We finally found our vacation rental in Lead. The first thing our headlights lit upon was a broken window. This did not bode well. Jay got out and went in first to check it out. He came back and proclaimed it safe to enter. We found a fairly comfortable abode, but it did not meet my fastidious standards for clean. I had to clean the bathroom before our daughters could bathe. The sheets and towels were clean, and I chose to ignore the mouse traps under the kitchen sink and in the laundry room. We got our cleaning fee refunded.
We had five days in South Dakota, and our first stop was Mount Rushmore. It is truly amazing. The fact that Gutzon Borglum managed to carve something like that in the side of mountain without the benefit of today’s technology and in only 14 years is truly remarkable. The museum has his working models and depicts the adjustments he made so his sculpture could fit the mountain. The man was a genius, plain and simple.
We did some hiking, toured a cave, and then, Jay discovered Black Elk Peak in one of the guide books. Lord, help us all. I generally have a strict protocol of carefully reviewing any attraction before I recommend it to Jay to ensure that every member of the family has good chance of survival and that it doesn’t require that we all have Ranger tabs to participate. Sometimes I think Jay thinks those things are hereditary. I must of been lulled into complacency by the miles and miles of unbroken prairie because when I read to Jay about Black Elk Peak and the watch tower on top that you can hike to, I failed to notice that the hike is seven miles roundtrip and takes an average of five hours to complete. I also failed to note the “steep and rugged” terrain which comprises the last hour of the hike.
We got a late start that day, and I really doubted we’d make it back before dinner. At one point very early in the trek, Jay paused as we came around a bend and pointed out the lookout tower across a gorge and at the top of the next peak. I looked along the ridgeline and around to where we stood and seriously considered turning around because it looked way further than three and a half miles. All along the way, Jay kept pointing out rock overhangs or big trees and saying, “That would be a good place to shelter.” I just ignored him and kept plodding along.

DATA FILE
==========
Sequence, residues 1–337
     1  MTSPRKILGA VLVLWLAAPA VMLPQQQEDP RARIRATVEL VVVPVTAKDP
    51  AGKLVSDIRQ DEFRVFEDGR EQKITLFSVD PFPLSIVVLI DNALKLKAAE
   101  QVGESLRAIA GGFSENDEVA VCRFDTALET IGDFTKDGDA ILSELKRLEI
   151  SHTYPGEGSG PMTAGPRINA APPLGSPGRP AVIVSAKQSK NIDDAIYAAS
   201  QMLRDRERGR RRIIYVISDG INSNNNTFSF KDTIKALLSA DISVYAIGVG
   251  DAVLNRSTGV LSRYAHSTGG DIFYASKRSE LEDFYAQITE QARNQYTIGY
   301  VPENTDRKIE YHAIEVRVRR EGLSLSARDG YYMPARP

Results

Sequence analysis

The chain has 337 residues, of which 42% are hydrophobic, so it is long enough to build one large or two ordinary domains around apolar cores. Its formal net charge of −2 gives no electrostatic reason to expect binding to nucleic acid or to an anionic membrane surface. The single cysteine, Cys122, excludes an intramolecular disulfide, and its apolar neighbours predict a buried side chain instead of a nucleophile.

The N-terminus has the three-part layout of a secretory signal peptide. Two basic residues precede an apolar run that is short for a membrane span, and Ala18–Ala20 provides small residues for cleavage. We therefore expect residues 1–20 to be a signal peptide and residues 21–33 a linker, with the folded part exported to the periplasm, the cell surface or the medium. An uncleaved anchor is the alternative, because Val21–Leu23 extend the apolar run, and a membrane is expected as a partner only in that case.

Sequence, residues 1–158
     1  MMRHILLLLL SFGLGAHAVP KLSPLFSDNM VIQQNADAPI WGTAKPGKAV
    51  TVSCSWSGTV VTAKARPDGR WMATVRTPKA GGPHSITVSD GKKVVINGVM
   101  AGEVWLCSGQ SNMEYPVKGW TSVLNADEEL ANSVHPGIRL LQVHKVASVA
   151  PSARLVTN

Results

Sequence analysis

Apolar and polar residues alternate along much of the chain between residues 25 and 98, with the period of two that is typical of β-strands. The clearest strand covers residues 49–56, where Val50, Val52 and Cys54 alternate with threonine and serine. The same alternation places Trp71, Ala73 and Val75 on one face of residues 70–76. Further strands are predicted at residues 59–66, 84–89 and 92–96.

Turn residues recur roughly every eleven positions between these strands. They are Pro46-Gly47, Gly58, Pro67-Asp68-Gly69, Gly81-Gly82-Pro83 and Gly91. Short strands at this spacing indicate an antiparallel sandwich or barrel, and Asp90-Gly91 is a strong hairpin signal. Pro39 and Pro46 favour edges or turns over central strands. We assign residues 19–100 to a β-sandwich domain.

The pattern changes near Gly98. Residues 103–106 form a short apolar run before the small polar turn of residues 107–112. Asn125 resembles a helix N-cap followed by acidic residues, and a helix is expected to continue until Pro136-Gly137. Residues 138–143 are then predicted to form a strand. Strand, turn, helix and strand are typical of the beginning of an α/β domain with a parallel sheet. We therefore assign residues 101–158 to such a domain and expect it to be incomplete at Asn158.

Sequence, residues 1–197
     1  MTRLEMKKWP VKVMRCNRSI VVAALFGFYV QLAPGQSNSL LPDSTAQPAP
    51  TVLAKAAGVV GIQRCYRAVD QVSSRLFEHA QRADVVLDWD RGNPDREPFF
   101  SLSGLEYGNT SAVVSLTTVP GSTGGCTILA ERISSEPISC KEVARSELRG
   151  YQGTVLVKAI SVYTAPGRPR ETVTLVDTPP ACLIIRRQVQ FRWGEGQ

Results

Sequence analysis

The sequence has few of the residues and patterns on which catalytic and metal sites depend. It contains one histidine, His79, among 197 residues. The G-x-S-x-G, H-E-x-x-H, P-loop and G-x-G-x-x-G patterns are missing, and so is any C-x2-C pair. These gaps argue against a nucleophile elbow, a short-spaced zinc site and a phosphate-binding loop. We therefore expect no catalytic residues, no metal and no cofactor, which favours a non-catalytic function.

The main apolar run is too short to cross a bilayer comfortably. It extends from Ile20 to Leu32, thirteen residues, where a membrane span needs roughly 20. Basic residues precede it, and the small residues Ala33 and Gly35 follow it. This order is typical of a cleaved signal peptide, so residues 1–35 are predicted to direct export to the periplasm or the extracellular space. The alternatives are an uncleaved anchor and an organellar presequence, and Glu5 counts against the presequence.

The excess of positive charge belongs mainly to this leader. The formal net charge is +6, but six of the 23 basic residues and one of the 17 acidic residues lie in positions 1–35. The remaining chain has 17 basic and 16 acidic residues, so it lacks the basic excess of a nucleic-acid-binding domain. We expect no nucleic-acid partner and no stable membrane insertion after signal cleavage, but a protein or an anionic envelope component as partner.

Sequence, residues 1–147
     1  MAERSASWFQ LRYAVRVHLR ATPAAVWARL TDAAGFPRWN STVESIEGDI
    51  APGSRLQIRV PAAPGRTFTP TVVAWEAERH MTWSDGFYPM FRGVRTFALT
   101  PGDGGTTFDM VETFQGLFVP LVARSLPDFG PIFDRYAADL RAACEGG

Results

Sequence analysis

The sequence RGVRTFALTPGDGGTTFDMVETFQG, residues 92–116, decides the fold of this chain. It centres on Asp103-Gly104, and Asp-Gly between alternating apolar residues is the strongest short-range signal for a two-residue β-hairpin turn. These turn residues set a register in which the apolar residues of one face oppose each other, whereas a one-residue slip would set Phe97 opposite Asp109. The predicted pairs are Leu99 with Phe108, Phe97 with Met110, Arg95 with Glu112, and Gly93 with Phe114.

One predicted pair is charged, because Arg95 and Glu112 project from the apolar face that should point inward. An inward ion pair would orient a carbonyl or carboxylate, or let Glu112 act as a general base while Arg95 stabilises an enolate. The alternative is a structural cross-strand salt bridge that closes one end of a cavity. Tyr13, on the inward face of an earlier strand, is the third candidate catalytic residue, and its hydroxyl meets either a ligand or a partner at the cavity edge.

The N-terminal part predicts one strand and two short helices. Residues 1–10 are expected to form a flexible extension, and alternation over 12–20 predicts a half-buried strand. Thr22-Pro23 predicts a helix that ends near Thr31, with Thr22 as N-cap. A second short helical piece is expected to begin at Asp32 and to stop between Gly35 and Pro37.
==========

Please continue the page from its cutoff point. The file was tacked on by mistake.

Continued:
The next stop that gave me serious misgivings was right about the time the terrain got really challenging. There was a box fixed to a post in the center of the trail with a sign instructing hikers to fill out a white card and drop it in the box. This was so the rangers would know how many hikers they had in there in case someone didn’t come back.
As we got closer to the lookout, and the trail got steeper and rockier, we met a family coming back the other way. I couldn’t help myself and asked, “How much further?” They said, “maybe a half hour.” Then, the man added as he got out of reach of my walking stick, “And, you know, it only gets steeper from here.” I just missed him.
But he wasn’t kidding. It did get steeper and rockier, and just when I thought we’d never get there, we rounded a bend and saw it, right overhead. Unfortunately, there were what looked like about 300 stairs to the top. Actually, it was more like 30, but to my quads, at 7,200 feet, it might as well have been 300. The kids ran it, and I shook my fist at their backs as they disappeared from view. The panorama at the top made the pain worth it, and as Jay said, the pain made the trip all the more memorable.
The downhill trip was easier, and shorter, as it so often is. We did get rained on and hailed on, but we took shelter under a friendly pine that Jay had noted on the way in. Now, I understood what he meant by “a good place to shelter,” and I appreciated his infantryman’s instincts. The storm soon passed. I left my walking stick by the informational sign at the trailhead for some other gullible tourist to use. We stood in silence around the tailgate of the truck, gratefully drinking from the gallon jug we’d left in the cooler. We ran out of water on the way up. We’d made it in three hours and 45 minutes with the 30 minutes we spent at the lookout.
I insisted on hobbling into the park general store for a Black Elk Peak destination sticker for our Yakima. I wanted proof for that one.
We spent our last day shopping in Hill City. Jay figured I’d earned a reward. We decided to take two days to drive home and went out through the Badlands, which are another amazing sight to see. Nebraska from a different angle is pretty much the same. The gas station beside the hotel we stayed at in Lexington had a sign that said, “You are NOWHERE.” I’m pretty sure they meant,”You are NOW HERE,” but I told Jay, “See, they even admit it!” I think they can keep that zoo in Omaha.